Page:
Cannonball model diagnosis of the short gamma ray burst 170817A

TYPEAstrophysics Seminar
Speaker:Arnon Dar
Time:14:30 - 15:30
Location:Lidow 620
Remark:Based on: Shlomo Dado, Arnon Dar, "The Smoking Guns Of Short Hard Gamma Ray Bursts", arXiv:1708.04603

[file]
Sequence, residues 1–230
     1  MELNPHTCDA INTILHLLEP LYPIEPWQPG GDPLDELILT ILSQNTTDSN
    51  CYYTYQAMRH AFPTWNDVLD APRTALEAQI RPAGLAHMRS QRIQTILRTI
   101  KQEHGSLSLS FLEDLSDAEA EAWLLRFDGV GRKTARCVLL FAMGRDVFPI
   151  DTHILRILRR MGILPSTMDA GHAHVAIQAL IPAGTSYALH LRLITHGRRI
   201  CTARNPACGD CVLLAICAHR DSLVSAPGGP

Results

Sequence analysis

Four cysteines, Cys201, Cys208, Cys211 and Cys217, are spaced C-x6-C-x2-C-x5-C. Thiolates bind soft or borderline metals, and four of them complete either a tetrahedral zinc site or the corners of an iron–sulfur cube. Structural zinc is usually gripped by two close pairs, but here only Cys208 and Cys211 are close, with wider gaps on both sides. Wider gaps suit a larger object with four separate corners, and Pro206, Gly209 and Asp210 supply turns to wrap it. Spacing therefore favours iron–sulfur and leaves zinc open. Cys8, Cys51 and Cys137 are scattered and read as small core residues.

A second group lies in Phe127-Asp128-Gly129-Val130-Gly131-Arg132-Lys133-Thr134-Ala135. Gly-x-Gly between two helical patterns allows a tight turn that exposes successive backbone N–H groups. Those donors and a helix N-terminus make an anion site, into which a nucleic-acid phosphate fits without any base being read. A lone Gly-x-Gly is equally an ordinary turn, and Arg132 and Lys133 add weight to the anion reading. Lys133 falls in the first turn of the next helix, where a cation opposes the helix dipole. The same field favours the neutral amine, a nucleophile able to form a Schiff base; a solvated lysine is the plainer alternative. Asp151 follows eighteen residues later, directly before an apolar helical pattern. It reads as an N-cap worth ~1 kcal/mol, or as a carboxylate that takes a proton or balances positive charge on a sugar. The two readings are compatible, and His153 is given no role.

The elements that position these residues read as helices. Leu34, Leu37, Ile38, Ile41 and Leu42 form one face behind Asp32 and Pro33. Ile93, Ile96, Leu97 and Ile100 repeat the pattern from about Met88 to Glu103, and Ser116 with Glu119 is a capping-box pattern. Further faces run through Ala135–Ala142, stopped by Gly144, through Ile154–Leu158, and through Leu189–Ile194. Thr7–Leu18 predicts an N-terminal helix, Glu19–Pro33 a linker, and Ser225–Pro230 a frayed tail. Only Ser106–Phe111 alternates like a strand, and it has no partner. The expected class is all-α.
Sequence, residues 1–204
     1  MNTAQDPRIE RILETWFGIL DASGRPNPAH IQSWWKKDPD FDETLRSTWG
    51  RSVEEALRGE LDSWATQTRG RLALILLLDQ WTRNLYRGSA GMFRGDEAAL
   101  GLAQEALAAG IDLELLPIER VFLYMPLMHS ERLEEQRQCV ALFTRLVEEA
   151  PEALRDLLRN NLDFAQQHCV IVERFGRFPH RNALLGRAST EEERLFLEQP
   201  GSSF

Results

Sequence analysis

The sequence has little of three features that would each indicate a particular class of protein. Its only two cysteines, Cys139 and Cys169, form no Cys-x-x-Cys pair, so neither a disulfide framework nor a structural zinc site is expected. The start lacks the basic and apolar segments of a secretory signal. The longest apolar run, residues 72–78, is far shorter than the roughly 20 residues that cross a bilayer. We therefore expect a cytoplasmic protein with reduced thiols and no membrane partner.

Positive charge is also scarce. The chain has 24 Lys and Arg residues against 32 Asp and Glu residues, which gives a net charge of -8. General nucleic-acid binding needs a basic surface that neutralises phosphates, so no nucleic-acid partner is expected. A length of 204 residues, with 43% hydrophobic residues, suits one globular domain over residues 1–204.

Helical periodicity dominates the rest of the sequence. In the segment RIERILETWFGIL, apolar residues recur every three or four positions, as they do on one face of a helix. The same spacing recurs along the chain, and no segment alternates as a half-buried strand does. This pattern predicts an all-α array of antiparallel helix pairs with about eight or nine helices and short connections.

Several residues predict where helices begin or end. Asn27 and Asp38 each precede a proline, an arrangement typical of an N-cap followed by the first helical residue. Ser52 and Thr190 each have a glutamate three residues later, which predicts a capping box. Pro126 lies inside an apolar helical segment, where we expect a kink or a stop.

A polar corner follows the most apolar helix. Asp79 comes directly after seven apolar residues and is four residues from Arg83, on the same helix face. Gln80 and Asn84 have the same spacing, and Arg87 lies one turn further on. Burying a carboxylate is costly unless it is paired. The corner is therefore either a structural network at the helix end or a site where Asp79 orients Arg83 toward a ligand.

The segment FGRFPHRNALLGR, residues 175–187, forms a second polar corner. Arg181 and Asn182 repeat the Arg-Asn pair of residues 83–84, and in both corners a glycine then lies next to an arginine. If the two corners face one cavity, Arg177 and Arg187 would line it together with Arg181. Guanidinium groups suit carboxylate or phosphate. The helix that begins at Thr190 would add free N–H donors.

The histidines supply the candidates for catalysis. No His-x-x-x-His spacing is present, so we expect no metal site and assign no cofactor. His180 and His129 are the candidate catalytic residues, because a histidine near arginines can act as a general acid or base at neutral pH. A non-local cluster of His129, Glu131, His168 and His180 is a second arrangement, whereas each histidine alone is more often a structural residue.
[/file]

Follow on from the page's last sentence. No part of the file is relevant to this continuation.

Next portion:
Thirty years ago Goodman, Dar and Nussinov suggested that neutron star mergers (NSMs) due to gravitational wave emission may produce gamma ray bursts (GRBs). On August 15, 2017, two days before the first detection of NSM in gravitational waves (GWs) followed by a short hard gamma ray burst (SHB) 2 second later, Dado and Dar posted a paper in the arXiv* claiming that GW detections of NSMs by Ligo-Virgo, will be followed only by a far off-axis SHB or by an orphan afterglow. After the ground breaking discovery of GW170817-SHB170817 on August 17, 2017 and the follow up measurements of the afterglow of SHB170817 we have confronted the detailed predictions of the cannonball model of GRBs with the rich and complex data obtained from the multi-wavelength observations of SHB170817A. I will show that they are well predicted/explained/reproduced by the cannonball model of SHBs.  In this model a highly relativistic jet was launched in the NSM into a light fireball, produced days before the nascence of a massive neutron star or black-hole remnant.  The SHB was produced by inverse Compton scattering of fireball photons by the jet, which was viewed far off-axis. The thermal radiation from the fading fireball produced the initial UVOIR afterglow, whose bolometric light curve favors a neutron star over a black-hole as the compact remnant of NSM170817. Its late time X-ray UVOIR and radio afterglow was produced by synchrotron radiation from the jet. If the radio afterglow of SHB170817A was indeed produced by the jet, it should display a superluminal motion relative to the SHB location, still detectable in VLA and VLBI radio observations.